Things to do in Mollymook Milton Ulladulla as seen through the eyes of a tourist.
As you enter the Mollymook Milton Ulladulla area you are arriving in one of the most wonderful, active, picturesque and inviting places on the whole of the NSW coastline with a nice climate all year round and with some beautiful luxury accommodation.
There are plenty of things to do in Mollymook. You can start the day at the Mollymook Surf Club for a morning swim with the local Mollymook Ocean Swimmers or just wander the calm summer shores of Mollymook Beach to start your day. Squint into the rising sunlight to see a pod of dolphins on their daily passing by or the humpback whale and calf on their spring migration back to the south seas. My favourite was always to then hang around a bit longer at the Beach Hut cafe for a coffee and plan out the day’s events. From wading into the Bogey Hole to snorkeling at Collier’s Bay to long boarding the great left handers at Golfie Reef to hiking the inlet at Narrawallee or rock platforms of Rennies Beach, you will find the shoreline endless with imagination and activity. Stray further north to natural wonders like Green Island and Jervis Bay, which offers exquisite local scuba diving. Or drive just a little ways south and wander into some of the most exclusive, pristine coastlines of Pebbly and Pretty Beach. Time will be your only barrier when you consider the myriad of adventures you might have exploring the ocean around Mollymook.
Things to do in Mollymook on the days when the ocean is not so inviting and staying dry is much more your suit, there is no shortage of activities. One of the most inspirational is to drive out back of Milton Ulladulla, into the bush and climb the challenging, yet manageable Pigeon House Mountain, the area’s signature monument to the west. I recall my first view from the top, looking out to Morton and Merroo National Parks, just two of this area’s five National Parks and Reserves, and being amazed just how vast and mountainous is the south coast. From daylong bushwalks to multi-day trips, you’ll find a variety of trails to suit your skills. For some of us, however, a jaunt up the streets of Milton Ulladulla Harbour and downtown for a little shopping is all the walking we need. There are lovely small shops in Milton. Ulladulla offers the same, but also has a new downtown shopping centre for the bigger necessities of groceries and goods. Though still small in feel, you’ll find anything you didn’t bring with you around town.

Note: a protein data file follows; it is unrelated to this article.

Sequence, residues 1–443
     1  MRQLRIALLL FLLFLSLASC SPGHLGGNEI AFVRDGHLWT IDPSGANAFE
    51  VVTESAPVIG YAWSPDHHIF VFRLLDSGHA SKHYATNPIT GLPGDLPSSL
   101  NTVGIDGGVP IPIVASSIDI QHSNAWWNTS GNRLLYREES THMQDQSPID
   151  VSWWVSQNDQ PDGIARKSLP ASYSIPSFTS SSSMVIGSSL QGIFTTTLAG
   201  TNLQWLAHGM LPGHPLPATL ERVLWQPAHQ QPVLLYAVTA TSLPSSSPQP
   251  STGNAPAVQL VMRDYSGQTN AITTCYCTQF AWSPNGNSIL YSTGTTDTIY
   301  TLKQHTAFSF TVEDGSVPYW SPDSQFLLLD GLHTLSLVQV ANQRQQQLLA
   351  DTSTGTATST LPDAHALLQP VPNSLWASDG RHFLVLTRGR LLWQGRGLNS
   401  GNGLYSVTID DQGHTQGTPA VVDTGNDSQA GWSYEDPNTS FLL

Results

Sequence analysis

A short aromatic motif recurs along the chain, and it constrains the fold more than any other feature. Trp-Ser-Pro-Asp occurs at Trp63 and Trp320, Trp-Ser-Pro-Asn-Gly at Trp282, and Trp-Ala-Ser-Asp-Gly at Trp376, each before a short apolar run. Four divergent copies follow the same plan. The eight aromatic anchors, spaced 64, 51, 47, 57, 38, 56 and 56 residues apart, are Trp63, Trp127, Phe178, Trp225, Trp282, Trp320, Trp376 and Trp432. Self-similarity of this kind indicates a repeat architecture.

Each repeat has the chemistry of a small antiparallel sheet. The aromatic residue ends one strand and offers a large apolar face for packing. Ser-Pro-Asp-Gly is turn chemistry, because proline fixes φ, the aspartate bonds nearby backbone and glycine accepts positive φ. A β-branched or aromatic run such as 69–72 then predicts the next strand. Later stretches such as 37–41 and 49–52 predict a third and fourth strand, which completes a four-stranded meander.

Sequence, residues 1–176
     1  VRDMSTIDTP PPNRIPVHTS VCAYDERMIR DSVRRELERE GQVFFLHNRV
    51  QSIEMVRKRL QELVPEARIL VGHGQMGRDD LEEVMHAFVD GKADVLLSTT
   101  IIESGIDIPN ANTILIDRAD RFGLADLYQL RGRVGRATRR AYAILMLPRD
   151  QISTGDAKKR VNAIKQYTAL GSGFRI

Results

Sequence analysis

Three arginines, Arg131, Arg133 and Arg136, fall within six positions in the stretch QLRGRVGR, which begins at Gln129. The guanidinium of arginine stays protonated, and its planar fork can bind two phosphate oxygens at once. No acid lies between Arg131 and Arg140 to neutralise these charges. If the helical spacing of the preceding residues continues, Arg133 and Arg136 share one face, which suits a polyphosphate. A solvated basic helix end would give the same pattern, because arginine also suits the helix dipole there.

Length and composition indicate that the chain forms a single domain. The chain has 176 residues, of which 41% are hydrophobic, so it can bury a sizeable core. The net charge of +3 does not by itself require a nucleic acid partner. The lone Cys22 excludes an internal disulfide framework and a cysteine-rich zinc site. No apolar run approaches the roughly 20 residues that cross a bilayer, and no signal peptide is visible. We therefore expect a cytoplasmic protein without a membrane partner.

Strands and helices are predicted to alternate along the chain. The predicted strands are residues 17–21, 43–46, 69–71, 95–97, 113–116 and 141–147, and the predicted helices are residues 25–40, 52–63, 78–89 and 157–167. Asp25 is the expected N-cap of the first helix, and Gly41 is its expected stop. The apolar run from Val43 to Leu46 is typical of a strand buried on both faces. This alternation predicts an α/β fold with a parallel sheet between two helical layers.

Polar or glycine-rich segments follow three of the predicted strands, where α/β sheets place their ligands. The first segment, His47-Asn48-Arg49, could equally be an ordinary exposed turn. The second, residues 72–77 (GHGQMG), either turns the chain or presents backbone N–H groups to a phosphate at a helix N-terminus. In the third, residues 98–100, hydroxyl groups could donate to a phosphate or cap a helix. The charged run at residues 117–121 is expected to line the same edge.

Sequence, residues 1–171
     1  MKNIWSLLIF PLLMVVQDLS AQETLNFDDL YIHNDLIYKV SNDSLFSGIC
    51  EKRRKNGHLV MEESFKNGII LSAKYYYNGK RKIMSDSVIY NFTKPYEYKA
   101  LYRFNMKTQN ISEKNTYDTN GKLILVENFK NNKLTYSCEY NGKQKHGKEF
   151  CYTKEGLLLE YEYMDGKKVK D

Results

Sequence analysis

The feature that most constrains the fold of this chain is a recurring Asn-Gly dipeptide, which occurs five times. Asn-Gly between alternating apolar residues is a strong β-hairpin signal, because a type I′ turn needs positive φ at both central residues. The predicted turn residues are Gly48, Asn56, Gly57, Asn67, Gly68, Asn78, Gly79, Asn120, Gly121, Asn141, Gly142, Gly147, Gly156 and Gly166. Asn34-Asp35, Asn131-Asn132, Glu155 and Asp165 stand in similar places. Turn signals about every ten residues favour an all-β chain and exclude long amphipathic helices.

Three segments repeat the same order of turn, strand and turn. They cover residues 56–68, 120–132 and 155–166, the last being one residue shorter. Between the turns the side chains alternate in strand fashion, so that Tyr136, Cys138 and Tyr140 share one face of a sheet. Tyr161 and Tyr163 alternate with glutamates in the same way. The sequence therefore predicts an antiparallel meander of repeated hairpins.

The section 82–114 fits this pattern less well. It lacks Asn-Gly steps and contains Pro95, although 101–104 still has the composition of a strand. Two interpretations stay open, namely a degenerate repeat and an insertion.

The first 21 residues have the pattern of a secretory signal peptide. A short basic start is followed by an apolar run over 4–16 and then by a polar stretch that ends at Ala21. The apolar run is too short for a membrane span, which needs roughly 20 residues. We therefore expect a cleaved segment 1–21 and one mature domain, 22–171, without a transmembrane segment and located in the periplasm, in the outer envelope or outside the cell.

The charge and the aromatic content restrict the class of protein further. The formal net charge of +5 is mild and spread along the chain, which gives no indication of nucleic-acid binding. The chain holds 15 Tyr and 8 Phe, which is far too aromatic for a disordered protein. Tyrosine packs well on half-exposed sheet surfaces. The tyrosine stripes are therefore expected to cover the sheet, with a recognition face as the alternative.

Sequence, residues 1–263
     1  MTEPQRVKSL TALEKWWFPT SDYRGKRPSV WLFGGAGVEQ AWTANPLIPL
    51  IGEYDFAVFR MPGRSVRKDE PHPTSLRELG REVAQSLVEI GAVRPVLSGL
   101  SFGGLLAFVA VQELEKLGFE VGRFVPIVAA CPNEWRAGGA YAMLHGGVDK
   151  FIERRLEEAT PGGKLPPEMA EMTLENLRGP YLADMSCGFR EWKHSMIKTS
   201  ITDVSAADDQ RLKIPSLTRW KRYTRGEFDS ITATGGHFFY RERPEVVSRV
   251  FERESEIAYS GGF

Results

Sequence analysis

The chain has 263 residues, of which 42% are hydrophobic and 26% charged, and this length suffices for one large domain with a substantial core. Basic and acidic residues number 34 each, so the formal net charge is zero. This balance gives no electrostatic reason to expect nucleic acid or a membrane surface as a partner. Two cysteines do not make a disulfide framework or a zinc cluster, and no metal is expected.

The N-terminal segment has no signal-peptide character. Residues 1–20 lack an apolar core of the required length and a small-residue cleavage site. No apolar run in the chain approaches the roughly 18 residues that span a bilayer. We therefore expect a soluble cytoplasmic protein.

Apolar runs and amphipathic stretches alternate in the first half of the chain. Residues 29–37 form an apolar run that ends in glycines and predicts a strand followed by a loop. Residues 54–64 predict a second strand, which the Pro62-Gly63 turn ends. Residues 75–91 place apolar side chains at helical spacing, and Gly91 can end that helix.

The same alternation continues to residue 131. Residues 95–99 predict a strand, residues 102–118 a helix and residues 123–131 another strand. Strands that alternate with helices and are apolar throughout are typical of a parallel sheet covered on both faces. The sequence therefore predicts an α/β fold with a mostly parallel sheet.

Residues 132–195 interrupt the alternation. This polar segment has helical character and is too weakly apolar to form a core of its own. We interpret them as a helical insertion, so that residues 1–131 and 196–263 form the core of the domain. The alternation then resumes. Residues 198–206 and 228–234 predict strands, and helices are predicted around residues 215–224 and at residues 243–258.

When your day’s adventures come to a close and you set out for the evening, the area has some wonderful restaurants and clubs you can visit. When I wanted to catch the footy game and casually laugh with some mates, the Golf Club or Ex-Servos were the perfect place. Other times, however, you might like to taste a little more of the local flavour. The patio at Bannisters is great for drinks, entrées and the sound of the ocean just down the cliffs. Pilgrims was a favourite of mine to sit out back, enjoy a uniquely veggie Mexican meal and converse with the locals. There are wonderful small restaurants tucked in all corners in Milton and Ulladulla that offer a wide range of cuisine styles and prices for dinner as well as breakfast and lunch.
I know that food, shopping and the environment are aspects that entice us to an area, but what gives Mollymook and its surrounding area its true charm has much more to do with
the people and events. The ocean character is captured in the annual Mollymook Ocean Swim and its surf club carnival. The art culture overflows every September and October with Art Escape, its annual art festival featuring local artists in a wide variety of mediums capturing the essence of south coast living. The history of Ulladulla and her fishing industry are brought to life with the “Blessing of the fleet”. From ANZAC celebrations to beach barbeques on Australia Day, the area brings people together in community and celebration that give visitors a true taste of its local flavour.
Finally, when you drive away, down the hill from Milton Ulladulla or back through the dense trees toward Batemans Bay, you don’t really leave. You take with you the smells of the ocean, the tastes of your evenings out, the pictures of sunsets and the sounds of friends new and old. You’ll come back to this place, this place that begins to feel like home. I can now begin to understand why the locals refer to this area as ‘Paradise’. Scott Murphy, USA.